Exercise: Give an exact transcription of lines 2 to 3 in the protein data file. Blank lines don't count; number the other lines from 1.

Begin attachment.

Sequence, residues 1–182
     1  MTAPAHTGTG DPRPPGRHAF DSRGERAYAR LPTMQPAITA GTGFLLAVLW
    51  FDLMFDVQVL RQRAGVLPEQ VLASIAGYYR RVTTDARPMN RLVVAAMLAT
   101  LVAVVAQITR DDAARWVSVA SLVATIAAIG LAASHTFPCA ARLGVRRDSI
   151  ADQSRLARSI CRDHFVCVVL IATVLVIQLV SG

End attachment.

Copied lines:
     1  MTAPAHTGTG DPRPPGRHAF DSRGERAYAR LPTMQPAITA GTGFLLAVLW
    51  FDLMFDVQVL RQRAGVLPEQ VLASIAGYYR RVTTDARPMN RLVVAAMLAT